poem: Chavisa Woods

poem: Chavisa Woods


Time Isn’t After Us




the remnants of heart muscles may appear as cornfields when baked in the exposure of
successive country noons


our fleshmounds were given
screaming to screaming,
fed red meat early ,    sent  out to dig                   claws in the scratched dirtback of earth,
our brilliant eyes begging satellite Jesus in the stars to return
before we grew into fields
beadsheet smooth and soiled in the fertile corner of poverty sucking wallmarts throbbing at splitlane intersections
when the time came, we got smacked      civilized,   threatened with factories and hell


They dressed us comfortably and sent us to school.


We began to die like foxes eating ourselves away;


(two hundred fifty children total made up the ninth to twelfth grades in a town of only one thousand)


my freshman year, Josh
got depressed and rammed his hot wheel at eighty in a twenty,
twisting his car around the American flag pole
in the town triangle (we didn’t have a square, we had a triangle)
set between warring gas stations
he was sixteen and they say his head
smashed clear though the hole in the steering wheel
like the wane reduction of a cat
slipping between impossible openings


the girls got dressed up to cry in the tiled halls
russet of distressed school birds
and we all discovered who had really loved him
before they slew each other over which one
wore the most scandalous skirt to the funeral


my freshman year also, Justin, drowned in the charming creek
while swimming with my two lovers,
the cops accused them
of murdering their best friend,
three boys strange for the town
three atheists discovering mortality in the water


the two who lived
started smoking
anything that burned; grass, leaves, rock,
held knives to throats, one joined the army, one bought bombs online,
then they married sisters


my Sophomore year, Candy
who looked like a sweet thing to be unwrapped
jumped in front of a bus, but missed
and broke her supple leg in two,
the next week, her mother’s boyfriend
was arrested for statutory rape
and the boys stopped making the joke,
birthed in the fifth grade;
“Where’ve you been?”
“On top of Candy Hill,”
which was her full name
my Junior year, Blaine
sucked the hot barrel
of a gun after blowing
the fine white globe
of his two year old daughter’s skull
to star bits like a wish
for freedom
his ex girlfriend and baby’s mother
threatened the school populous with unnamed punishment
if they attended his funeral


her daughter’s crib was so small
and the mother only eighteen,
a thin succession of lines
meeting at a shivering torso,
with eyes wider and more brilliant
than the lunacy of clear country nights,
bent mourning a dead child
over SAT’s


my Senior year, Chad, Blaine’s younger brother
said he would kill my faggot ass
using an ice pick
to jab out my eyes, then work it around a little
to see what I was made of


I had no reason
to find his threats empty, but
inexplicably, he didn’t kill me
no one at my school died that year, or came close
(I can’t help thinking
that was my year)


but that year, a three year old boy
was swallowed by the snake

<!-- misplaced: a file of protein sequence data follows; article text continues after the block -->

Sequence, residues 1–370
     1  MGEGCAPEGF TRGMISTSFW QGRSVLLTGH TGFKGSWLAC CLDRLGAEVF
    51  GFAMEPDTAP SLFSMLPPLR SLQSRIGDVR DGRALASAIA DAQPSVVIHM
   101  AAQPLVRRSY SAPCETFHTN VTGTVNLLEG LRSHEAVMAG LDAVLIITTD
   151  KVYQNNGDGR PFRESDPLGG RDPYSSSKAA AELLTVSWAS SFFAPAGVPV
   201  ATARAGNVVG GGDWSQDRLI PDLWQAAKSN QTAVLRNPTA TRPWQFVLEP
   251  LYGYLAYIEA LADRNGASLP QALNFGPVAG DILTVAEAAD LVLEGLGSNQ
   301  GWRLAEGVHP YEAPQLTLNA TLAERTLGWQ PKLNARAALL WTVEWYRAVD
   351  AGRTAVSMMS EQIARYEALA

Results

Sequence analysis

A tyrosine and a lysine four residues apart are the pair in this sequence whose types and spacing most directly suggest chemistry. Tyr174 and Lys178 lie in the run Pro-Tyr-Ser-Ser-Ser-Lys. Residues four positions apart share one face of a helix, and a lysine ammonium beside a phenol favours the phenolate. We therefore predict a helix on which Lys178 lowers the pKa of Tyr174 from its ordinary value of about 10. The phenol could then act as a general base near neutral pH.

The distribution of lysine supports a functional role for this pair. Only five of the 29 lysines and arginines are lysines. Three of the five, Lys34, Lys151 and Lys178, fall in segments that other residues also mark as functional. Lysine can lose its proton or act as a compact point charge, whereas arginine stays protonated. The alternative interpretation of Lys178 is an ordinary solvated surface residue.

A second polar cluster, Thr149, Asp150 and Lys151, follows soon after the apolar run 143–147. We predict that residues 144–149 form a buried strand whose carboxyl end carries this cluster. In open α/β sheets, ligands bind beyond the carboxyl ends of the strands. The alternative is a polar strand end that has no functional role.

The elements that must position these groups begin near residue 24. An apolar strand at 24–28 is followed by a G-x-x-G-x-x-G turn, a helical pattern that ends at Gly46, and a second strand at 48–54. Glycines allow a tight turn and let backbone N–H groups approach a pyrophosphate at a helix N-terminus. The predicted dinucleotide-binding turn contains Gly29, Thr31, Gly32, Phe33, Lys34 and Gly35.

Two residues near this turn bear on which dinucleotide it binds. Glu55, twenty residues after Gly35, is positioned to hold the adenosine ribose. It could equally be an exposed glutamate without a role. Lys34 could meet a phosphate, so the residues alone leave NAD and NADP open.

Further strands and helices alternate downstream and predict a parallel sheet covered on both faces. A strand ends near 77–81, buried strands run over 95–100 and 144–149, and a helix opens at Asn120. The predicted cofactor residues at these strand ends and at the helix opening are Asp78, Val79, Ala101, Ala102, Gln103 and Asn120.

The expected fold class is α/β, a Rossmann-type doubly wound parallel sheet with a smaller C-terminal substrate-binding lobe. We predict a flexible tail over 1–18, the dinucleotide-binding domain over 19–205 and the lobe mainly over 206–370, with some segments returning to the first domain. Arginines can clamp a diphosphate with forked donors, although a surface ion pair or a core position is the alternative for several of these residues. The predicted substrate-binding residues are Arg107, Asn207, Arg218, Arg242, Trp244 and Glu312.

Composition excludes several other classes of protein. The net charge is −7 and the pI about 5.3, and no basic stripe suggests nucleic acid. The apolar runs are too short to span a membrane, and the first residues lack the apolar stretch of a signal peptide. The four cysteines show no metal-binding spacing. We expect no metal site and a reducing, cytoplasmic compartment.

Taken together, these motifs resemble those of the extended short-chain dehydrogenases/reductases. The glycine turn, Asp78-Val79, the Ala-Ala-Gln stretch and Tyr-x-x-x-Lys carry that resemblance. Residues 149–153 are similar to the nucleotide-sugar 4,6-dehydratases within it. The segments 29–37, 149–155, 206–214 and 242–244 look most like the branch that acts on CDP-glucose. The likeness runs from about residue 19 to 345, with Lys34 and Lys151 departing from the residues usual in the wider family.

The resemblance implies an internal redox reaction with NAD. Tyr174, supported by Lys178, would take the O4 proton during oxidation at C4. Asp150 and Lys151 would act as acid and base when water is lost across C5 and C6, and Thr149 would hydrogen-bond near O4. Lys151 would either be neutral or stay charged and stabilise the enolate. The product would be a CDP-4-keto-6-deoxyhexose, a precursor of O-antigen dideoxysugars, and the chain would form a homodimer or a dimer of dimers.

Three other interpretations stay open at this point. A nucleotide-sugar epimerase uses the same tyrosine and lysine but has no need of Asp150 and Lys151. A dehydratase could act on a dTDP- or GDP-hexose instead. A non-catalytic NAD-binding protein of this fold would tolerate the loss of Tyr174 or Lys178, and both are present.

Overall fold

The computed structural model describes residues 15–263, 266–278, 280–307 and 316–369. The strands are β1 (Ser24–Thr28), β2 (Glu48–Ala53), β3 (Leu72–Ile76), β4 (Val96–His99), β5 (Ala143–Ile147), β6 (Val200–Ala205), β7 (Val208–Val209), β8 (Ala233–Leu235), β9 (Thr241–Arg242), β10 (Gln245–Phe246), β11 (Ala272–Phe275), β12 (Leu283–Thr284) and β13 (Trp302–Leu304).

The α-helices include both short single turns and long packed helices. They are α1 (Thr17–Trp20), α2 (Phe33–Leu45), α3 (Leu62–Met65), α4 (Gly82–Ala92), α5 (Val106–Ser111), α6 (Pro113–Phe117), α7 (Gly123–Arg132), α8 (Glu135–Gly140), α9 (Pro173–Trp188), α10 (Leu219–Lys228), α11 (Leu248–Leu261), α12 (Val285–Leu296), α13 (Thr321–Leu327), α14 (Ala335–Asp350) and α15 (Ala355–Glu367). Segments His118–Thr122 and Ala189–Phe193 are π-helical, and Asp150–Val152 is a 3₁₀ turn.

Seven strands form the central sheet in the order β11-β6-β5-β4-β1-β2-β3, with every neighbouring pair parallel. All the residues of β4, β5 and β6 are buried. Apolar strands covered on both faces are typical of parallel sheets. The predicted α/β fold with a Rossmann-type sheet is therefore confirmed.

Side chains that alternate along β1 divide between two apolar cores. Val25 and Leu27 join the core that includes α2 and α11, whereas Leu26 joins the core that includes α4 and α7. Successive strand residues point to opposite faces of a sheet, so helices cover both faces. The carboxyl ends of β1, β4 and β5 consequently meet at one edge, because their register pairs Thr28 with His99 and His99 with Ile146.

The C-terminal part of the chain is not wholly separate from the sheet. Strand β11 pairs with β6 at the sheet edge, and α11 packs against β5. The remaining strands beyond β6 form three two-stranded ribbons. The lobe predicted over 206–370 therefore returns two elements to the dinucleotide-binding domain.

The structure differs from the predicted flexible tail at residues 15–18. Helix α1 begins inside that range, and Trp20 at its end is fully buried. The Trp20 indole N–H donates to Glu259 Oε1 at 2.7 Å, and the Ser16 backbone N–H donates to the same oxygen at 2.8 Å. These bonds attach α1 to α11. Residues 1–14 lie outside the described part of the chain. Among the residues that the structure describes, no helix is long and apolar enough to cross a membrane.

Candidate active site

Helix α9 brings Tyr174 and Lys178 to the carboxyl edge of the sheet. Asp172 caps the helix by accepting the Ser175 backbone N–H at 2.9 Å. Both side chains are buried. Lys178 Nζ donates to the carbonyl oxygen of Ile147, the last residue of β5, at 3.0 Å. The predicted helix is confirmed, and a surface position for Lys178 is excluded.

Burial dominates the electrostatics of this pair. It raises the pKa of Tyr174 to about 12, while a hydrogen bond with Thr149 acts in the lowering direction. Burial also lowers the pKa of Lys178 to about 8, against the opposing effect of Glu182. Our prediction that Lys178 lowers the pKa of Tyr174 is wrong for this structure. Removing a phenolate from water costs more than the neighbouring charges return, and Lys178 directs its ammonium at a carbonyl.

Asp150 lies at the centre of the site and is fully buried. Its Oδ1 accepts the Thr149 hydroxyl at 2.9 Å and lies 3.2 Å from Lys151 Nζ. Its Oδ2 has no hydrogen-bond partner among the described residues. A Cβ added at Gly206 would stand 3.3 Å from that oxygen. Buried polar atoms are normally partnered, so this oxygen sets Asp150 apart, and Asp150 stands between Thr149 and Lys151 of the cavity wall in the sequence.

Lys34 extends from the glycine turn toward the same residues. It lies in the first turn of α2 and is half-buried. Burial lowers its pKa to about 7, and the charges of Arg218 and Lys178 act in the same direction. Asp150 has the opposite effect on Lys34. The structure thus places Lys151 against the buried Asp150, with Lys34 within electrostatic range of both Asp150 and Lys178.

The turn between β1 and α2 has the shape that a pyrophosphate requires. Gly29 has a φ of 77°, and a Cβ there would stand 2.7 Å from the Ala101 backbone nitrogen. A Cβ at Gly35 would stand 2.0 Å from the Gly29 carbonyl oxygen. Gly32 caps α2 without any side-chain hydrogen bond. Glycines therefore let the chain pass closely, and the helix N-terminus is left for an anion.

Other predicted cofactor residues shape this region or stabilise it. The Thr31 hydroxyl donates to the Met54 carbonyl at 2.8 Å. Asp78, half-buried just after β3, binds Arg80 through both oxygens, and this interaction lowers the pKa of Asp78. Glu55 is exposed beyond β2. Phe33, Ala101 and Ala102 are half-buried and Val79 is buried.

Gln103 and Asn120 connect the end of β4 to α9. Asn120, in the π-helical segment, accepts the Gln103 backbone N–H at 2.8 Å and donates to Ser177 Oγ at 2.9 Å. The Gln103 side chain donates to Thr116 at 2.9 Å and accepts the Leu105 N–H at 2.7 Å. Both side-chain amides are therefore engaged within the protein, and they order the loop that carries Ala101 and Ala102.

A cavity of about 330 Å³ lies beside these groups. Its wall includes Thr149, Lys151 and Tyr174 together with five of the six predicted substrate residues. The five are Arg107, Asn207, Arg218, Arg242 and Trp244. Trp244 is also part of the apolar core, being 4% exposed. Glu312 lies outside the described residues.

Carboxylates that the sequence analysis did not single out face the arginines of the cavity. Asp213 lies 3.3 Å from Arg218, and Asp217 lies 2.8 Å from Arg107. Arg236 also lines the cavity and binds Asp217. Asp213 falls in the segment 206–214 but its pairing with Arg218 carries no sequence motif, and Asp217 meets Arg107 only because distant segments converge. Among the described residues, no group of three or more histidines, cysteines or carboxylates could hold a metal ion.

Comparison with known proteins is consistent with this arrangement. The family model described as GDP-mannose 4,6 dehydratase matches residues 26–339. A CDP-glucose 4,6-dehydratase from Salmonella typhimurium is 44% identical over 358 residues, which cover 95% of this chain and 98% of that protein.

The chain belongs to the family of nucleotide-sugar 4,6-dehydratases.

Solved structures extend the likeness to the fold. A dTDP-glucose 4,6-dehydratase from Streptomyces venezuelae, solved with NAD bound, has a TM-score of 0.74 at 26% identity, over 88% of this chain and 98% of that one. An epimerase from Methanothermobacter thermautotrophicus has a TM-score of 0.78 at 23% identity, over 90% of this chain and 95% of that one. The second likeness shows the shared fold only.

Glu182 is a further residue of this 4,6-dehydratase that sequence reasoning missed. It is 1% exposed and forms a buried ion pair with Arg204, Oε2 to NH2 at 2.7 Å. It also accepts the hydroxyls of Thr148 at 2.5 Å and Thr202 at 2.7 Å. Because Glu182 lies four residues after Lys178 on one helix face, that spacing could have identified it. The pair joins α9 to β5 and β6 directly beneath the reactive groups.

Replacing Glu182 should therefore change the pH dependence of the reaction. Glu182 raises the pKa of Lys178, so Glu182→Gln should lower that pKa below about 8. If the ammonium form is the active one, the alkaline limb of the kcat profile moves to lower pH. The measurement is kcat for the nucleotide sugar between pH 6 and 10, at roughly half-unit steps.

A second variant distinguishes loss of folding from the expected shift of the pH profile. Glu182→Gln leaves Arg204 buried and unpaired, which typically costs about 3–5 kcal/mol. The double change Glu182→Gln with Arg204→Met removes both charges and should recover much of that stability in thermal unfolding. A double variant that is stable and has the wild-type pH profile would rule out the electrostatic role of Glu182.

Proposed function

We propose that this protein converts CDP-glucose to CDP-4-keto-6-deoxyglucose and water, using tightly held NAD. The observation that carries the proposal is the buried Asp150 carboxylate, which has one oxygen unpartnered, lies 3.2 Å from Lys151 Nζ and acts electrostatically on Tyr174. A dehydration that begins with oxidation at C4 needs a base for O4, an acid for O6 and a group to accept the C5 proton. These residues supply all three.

his parent’s kept in the living room aquarium
two miles from my house,


we tossed our hats, red disks in the air may appear as un-burst aneurisms when celebrating escape


within three years, of those who stayed:
Angie                                                          opened a beauty salon and is happy
Jay                                                               began spying on unions for Wal-Mart
Tim, Travis, Jed and Kerry                                          went to Iraq
Sean                                                             became a pot dealer
Jill                                                                teacher
Thomas                                                        prison
Samantha, the valedictorian
of the class below me
Ode’d from Heroin and Meth
on her beige sofa
next to her crying infant


the town blamed the Mexican
man she’d married,
they sent him to jail
I’m not sure for what
drug possession maybe,
and everyone
complained that the Mexicans were ruining this town


Bobby, the first boy I ever kissed, in a game of spin the bottle,
dropped dead from syphilis while working on a car


Elizabeth married Kurt, knocked his teeth out, got a restraining order
then let him back in,
her child died on the bed at two, while his brother was jumping

cornfields may appear as the remnants of arteries when dried

in the exposure of successive country noons


many things appear indicative of the vascular


even the small white houses
cherry buds of incomprehensible retaliation


you might not like to pick
and burst between finger and thumb


the residue


when baked on the exposure of bare hands below successive American noons
may appear insolvent in relation

to the promise of life

is a Brooklyn based author whose work pushes boundaries of class culture, gender, literature and sexuality. Her debut collection of short stories, “Love Does Not Make me Gentle or Kind” (Fly By Night Press, 2008) was a Lambda Literary Award Nominee for Debut Fiction. Chavisa Woods is the recipient of the 2009 Jerome Foundation Award for emerging writers.  Chavisa Woods has featured as a reader with a number of renowned institutions and festivals. She featured in a performance series, which ran for five days at The Whitney Museum in New York City, as a member of the Chorus of Poets. She has also been featured at the New York Vision Festival as well as the New York Hot Festival in multiple years. Woods’ poetry short stories and essays have been published nationally and internationally in a number of magazines and journals. She is currently completing her first full-length collection of poetry as well as her first novel and second work of fiction.